Mons Rümker

Mons Rümker is an isolated volcanic formation that is located in the northwest part of the Moon's near side, at selenographic coordinates 40.8° N, 58.1° W. The feature forms a large, elevated mound in the northern part of the Oceanus Procellarum.[1] The mound has a diameter of 70 kilometres, and climbs to a maximum elevation of about 1,100 metres above the surrounding plain. It was named after Karl L. C. Rümker.

Mons Rümker has a concentration of 30 lunar domes—rounded bulges across the top, some of which contain a small craterlet at the peak.[2] These are wide, circular features with a gentle slope rising in elevation a few hundred meters to the midpoint. Lunar domes are similar to shield volcanoes, and are the result of lava erupting from localized vents followed by relatively slow cooling.[3]

Mons Rümker is surrounded by a scarp that separates it from the adjacent mare. The plateau rises to an altitude of 900 m in the west, 1,100 m in the south and 650 m in the east. The surface of Mons Rümker is relatively uniform, with a strong spectroscopic signature of lunar mare material. The estimated volume of lava extruded to create this feature is 1,800 km3.[2]

Mons Rümker
Mons R%C3%BCmker Apollo 15
View of Mons Rümker from Apollo 15
Highest point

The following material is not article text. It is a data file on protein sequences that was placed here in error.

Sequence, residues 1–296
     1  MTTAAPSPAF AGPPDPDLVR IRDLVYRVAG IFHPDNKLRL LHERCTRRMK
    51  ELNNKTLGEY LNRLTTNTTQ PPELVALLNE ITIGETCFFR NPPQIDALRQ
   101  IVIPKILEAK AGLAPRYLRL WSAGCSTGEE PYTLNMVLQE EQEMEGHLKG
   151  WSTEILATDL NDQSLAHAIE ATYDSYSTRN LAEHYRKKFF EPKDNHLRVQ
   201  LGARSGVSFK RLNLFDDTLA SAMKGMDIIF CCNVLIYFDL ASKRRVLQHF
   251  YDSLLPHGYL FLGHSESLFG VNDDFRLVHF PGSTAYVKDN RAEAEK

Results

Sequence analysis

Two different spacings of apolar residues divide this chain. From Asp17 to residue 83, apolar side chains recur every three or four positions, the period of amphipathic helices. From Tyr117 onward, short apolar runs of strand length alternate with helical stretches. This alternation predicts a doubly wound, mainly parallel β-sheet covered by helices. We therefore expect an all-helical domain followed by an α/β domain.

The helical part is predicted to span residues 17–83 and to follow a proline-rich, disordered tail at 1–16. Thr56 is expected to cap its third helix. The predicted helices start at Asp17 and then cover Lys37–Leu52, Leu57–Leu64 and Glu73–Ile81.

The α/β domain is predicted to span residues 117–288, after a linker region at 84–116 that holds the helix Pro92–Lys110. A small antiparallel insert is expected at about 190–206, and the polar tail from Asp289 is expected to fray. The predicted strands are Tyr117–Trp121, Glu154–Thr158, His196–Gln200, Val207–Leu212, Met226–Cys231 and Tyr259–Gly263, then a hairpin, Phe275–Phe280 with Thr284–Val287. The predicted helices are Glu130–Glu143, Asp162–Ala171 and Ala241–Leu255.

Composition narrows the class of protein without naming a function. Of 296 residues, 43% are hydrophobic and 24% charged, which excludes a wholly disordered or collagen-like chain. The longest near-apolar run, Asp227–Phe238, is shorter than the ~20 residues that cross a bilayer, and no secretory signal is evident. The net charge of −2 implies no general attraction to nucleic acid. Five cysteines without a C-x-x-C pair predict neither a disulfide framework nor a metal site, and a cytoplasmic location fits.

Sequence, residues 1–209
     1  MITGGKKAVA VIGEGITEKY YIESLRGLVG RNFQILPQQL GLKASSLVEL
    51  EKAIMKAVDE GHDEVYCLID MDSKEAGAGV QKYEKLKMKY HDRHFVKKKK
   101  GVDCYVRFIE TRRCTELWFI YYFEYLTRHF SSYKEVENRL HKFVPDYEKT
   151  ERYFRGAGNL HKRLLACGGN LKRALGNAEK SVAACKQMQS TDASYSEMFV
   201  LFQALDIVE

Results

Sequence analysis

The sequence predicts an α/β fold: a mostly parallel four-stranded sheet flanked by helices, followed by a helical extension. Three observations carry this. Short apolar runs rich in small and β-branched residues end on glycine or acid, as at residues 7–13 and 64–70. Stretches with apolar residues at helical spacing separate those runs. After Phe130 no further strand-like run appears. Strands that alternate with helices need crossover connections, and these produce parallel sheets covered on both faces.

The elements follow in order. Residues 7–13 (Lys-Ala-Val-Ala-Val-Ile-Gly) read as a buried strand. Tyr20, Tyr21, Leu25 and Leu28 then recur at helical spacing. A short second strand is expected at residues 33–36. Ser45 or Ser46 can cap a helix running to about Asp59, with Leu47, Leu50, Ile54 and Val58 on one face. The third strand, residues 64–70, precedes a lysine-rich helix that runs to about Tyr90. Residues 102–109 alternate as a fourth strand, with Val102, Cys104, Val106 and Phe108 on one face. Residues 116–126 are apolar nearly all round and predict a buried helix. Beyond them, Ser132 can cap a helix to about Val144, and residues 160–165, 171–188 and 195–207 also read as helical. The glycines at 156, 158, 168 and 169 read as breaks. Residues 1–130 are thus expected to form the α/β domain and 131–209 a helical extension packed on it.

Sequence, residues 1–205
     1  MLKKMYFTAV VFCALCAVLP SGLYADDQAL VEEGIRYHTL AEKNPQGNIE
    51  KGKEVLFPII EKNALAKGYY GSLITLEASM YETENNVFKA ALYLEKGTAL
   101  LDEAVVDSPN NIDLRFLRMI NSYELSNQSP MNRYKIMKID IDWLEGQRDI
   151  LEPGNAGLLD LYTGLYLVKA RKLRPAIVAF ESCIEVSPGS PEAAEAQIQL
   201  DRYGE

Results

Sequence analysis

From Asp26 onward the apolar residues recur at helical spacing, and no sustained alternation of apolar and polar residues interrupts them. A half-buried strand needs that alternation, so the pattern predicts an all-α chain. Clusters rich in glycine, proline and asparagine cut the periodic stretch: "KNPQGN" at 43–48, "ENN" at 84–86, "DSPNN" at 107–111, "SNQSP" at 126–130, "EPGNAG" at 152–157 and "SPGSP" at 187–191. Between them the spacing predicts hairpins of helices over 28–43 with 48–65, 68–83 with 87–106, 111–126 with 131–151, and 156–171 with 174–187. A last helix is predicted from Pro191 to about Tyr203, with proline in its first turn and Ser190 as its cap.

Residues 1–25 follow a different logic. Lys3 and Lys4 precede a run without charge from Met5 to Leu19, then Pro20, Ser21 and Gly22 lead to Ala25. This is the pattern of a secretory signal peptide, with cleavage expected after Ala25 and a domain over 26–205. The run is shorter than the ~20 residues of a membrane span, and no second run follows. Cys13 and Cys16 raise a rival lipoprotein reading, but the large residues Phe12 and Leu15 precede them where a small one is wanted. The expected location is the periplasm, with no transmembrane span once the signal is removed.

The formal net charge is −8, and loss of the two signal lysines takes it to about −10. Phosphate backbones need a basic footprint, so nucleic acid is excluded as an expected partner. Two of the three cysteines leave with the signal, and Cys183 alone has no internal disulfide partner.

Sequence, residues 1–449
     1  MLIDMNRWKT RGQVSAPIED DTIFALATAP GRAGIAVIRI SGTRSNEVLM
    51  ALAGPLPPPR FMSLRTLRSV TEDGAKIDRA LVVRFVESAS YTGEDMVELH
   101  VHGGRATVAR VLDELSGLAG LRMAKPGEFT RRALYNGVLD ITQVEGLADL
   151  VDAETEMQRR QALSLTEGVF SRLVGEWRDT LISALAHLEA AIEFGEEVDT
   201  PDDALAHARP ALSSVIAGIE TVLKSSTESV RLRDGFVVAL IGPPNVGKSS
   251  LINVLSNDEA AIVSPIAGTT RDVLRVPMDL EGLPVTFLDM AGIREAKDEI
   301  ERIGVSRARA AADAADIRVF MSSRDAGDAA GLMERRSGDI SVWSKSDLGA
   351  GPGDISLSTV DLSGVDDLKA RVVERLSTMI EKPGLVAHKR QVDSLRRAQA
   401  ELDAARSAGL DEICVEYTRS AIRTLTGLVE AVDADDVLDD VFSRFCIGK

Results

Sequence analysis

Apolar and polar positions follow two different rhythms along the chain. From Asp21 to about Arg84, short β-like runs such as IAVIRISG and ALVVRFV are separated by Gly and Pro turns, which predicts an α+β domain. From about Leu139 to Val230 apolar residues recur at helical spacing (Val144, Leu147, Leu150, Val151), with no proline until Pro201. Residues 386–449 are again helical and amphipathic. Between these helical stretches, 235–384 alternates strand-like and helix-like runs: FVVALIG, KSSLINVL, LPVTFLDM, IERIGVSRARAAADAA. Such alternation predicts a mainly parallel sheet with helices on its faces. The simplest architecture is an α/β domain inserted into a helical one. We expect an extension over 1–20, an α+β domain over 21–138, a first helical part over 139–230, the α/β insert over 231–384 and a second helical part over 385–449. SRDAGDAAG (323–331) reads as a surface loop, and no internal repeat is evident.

Elevation 1.1 km
Listing Lunar mountains
Coordinates 40°48′N 58°06′W / 40.8°N 58.1°W
Translation Karl L. C. Rümker (Latin)
Location the Moon
Mountain type Lunar dome

See also


  1. ^ Zhao, Jiannan; Xiao, Long; Qiao, Le; Glotch, Timothy D.; Huang, Qian (June 27, 2017). "The Mons Rümker volcanic complex of the Moon: A candidate landing site for the Chang'E-5 mission". Journal of Geophysical Research: Planets. 122 (7): 1419–1442. doi:10.1002/2016je005247. ISSN 2169-9097.
  2. ^ a b Wöhler, C.; Lena, R.; Pau, K. C. (March 12–16, 2007). "The Lunar Dome Complex Mons Rümker: Morphometry, Rheology, and Mode of Emplacement" (PDF). Proceedings Lunar and Planetary Science XXXVIII. League City, Texas: Dordrecht, D. Reidel Publishing Co. Retrieved 10 March 2017.
  3. ^ "A Little Guide to Lunar Domes - Sky & Telescope". Sky & Telescope. 2016-09-07. Retrieved 2018-08-16.

Coordinates: 40°48′N 58°06′W / 40.800°N 58.100°W

This page is based on a Wikipedia article written by authors (here).
Text is available under the CC BY-SA 3.0 license; additional terms may apply.
Images, videos and audio are available under their respective licenses.